A certificate of insurance is a document issued by an insurance producer or company that may be used and is often relied upon to verify the existence of insurance coverage. It may be requested by a party where liability and large losses are of concern as evidence that such liabilities will be covered by an insurer in the event of damages. Such certificates are widely presented by contractors, for example, as proof that they have in place the insurance coverage required by the contract or bid documents.  The certificate constitutes evidence of insurance, however; it is not the contract of insurance. As such, it can create a number of pitfalls and problems and has the potential for fraud and abuse. Given these issues, it is surprising that certificates of insurance have not been subject to legislative standards or regulatory oversight in this State. 

Recent New Jersey legislation, based on an National Association of Insurance Commissioners Model Act and passed in both Houses on December 17, 2015, seeks to change that. On November 16, 2015, Assembly No. 4705, the “Certificates of Insurance Act,” was introduced and referred to the Assembly Financial Institutions and Insurance Committee.  An identical bill, Senate No. 3270, was introduced in the Senate on December 7, 2015, reported from the Senate Committee on December 10, and passed in the Senate (38-0) and in the Assembly (67-0-0) on December 17, 2015. It now awaits Governor Christie’s signature.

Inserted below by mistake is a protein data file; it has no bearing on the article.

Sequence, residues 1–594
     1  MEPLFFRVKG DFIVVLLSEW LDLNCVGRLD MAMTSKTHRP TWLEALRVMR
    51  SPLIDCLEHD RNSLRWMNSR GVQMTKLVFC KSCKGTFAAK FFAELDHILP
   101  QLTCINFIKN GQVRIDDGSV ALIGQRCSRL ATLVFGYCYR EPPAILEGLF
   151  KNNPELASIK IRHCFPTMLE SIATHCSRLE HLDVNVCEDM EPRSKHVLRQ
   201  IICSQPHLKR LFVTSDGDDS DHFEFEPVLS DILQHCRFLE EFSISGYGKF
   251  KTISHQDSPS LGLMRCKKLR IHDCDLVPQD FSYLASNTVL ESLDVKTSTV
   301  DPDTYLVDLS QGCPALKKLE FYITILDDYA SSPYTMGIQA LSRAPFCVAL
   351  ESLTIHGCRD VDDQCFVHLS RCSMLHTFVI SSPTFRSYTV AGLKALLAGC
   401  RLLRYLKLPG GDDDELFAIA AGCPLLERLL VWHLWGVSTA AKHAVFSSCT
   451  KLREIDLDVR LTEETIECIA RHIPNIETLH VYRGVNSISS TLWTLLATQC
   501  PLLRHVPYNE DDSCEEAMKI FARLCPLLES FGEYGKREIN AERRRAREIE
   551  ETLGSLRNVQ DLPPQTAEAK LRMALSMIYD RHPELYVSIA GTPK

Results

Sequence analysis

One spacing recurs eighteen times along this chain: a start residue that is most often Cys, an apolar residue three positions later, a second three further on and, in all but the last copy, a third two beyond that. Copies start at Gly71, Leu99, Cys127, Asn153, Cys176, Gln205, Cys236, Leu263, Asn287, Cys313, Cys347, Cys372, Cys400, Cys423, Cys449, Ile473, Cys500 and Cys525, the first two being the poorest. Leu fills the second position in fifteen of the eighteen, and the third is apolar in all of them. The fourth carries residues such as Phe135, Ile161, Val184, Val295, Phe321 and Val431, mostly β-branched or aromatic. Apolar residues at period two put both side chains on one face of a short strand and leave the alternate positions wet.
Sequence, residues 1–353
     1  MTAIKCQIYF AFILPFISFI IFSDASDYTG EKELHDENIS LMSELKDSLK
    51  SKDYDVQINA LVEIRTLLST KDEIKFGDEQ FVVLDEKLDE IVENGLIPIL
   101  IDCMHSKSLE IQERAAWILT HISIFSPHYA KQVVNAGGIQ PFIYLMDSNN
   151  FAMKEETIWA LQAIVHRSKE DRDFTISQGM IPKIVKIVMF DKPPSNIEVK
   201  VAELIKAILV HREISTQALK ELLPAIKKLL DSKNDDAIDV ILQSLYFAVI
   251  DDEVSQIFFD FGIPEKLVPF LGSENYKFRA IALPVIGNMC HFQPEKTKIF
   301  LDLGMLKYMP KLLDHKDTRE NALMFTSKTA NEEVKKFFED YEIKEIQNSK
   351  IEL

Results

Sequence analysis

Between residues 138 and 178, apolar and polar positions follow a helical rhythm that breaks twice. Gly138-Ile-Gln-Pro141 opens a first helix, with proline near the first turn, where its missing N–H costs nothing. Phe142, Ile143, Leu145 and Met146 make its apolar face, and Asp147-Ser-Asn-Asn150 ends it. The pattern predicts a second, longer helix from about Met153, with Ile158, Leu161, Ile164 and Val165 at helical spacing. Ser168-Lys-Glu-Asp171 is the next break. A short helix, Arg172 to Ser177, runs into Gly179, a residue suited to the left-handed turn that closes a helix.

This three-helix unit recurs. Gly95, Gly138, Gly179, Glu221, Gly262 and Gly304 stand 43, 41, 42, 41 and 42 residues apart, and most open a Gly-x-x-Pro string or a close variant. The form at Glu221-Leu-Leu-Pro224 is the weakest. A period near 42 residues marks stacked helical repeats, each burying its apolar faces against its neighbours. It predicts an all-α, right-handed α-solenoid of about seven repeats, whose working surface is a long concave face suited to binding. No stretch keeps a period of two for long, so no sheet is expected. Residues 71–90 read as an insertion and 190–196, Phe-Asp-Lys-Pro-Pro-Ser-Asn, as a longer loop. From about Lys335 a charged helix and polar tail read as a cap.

Under the bill, the Commissioner of Banking and Insurance (Commissioner) is delegated the express authority to prohibit the use of a certificate of insurance if the form is “unfair, misleading, or deceptive, or violates public policy;” or if it violates any law or any regulation promulgated by the Commissioner.   The bill also clarifies that a certificate of insurance is not to be considered a policy of insurance and shall not amend, extend or alter the coverage afforded by the policy; nor shall it confer any new or additional rights beyond those referenced expressly in the policy.  Any document issued in violation of the act is null and void, and any false or misleading action thereunder constitutes a violation of the New Jersey Insurance Fraud Prevention Act, N.J.S.A. 17:33A-1 et seq.  

The act applies to all certificates issued in connection with property, operations or risks located in New Jersey, regardless of where the policyholder, insurer, producer or party requesting the certificate is located. A copy of the bill may be accessed here.



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